Mexico is on the brink of a quiet energy revolution. President Enrique Pena Nieto’s ambitious reform proposal, , would enable foreign oil companies to help tap Latin America’s third-largest reserves, improve Mexico’s economic growth and move North America further on the road to self-sufficiency.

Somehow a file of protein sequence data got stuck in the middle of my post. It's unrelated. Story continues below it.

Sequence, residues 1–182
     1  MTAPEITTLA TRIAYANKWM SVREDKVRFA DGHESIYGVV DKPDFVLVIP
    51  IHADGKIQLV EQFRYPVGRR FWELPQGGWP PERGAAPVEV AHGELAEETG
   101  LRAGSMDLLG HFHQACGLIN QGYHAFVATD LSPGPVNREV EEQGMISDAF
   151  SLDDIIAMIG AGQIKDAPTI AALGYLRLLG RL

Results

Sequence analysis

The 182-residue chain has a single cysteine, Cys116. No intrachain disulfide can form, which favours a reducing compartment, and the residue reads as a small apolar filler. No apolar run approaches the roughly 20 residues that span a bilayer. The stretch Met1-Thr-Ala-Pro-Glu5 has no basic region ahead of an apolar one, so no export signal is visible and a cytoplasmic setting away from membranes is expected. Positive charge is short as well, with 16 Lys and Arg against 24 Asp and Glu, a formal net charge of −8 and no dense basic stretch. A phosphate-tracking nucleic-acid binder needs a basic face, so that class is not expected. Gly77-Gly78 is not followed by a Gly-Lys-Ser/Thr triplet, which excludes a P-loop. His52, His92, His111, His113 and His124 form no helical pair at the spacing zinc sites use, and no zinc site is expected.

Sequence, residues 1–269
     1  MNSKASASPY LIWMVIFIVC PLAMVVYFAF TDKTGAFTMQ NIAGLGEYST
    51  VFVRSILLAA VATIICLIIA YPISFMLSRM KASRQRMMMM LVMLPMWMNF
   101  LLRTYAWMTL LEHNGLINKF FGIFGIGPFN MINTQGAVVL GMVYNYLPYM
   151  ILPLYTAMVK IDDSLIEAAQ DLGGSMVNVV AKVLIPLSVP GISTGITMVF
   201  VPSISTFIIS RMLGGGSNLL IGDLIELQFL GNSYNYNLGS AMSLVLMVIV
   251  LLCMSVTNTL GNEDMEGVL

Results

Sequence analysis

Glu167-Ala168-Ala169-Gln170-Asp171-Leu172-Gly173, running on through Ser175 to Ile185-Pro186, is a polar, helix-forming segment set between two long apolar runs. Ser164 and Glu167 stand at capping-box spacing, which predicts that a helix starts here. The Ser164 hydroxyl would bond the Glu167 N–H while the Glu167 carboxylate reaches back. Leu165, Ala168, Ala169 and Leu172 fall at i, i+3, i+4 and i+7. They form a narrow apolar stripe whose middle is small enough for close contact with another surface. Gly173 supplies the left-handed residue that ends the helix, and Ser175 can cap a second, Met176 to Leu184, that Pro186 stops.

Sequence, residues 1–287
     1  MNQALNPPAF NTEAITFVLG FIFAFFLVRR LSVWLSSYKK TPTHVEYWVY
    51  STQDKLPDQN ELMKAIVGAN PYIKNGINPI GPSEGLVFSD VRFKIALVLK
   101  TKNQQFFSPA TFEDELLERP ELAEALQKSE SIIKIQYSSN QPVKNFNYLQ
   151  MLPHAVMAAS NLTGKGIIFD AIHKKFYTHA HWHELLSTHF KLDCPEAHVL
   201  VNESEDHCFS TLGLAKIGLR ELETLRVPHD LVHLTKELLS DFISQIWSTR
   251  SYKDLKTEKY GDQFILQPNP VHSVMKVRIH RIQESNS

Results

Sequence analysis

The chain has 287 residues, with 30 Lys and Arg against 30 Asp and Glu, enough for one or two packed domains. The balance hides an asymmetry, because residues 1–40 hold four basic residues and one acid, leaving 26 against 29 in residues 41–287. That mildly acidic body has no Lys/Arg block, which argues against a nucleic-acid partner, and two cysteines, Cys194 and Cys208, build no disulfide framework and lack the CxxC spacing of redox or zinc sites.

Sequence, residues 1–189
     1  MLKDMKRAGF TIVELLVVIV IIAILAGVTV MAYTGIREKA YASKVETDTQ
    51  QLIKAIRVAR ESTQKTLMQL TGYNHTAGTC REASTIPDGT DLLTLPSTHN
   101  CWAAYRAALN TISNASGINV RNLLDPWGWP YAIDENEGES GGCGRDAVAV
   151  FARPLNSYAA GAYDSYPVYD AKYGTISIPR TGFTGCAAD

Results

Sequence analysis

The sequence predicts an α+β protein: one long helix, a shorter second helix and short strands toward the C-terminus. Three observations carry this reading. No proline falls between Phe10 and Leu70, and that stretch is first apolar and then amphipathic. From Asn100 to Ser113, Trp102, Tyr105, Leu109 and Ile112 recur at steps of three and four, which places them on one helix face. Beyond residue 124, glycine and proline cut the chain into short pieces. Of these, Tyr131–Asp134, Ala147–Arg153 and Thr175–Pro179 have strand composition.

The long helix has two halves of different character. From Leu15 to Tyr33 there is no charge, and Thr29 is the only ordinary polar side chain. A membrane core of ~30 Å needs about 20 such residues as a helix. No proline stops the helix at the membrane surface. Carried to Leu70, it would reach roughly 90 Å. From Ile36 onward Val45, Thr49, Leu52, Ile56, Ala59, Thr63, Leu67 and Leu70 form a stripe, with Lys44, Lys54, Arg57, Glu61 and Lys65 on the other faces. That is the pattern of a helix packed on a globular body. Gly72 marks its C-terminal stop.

Pena Nieto and his Institutional Revolutionary Party, or PRI, want to let foreign companies such as Exxon Mobil Corp., Chevron Corp. and Repsol SA sign production-sharing contracts for oil exploration and output. (The companies would still be prohibited from operating their own fields.) Thus would Mexico return to the situation that prevailed from 1938, when the country expropriated oilfields from U.S. and British companies but allowed them to operate them, to 1958, when Petroleos Mexicanos, the state-owned oil company also known as Pemex, gained exclusive control of all phases of the petroleum industry.